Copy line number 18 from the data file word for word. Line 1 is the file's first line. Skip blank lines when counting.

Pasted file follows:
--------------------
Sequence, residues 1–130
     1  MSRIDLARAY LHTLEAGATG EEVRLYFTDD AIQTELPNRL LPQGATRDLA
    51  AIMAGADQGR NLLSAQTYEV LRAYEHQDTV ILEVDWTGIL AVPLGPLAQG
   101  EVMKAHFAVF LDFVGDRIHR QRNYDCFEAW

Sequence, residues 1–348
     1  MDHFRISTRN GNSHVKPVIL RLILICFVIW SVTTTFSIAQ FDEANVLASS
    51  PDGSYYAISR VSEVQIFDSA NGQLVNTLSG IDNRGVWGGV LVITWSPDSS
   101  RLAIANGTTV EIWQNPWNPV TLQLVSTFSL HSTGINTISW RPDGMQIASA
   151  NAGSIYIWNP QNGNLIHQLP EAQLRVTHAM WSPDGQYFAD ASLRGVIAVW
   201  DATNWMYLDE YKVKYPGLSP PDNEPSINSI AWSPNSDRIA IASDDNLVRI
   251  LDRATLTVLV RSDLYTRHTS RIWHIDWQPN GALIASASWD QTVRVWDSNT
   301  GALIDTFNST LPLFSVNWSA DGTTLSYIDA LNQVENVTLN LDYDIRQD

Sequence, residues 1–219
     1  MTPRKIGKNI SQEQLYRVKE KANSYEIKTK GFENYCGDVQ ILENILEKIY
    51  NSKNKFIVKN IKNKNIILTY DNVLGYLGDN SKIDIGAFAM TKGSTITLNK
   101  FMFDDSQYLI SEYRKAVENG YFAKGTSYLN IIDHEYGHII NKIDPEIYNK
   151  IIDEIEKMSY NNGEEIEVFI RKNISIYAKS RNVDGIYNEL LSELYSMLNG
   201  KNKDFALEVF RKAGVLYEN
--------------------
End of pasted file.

   201  KNKDFALEVF RKAGVLYEN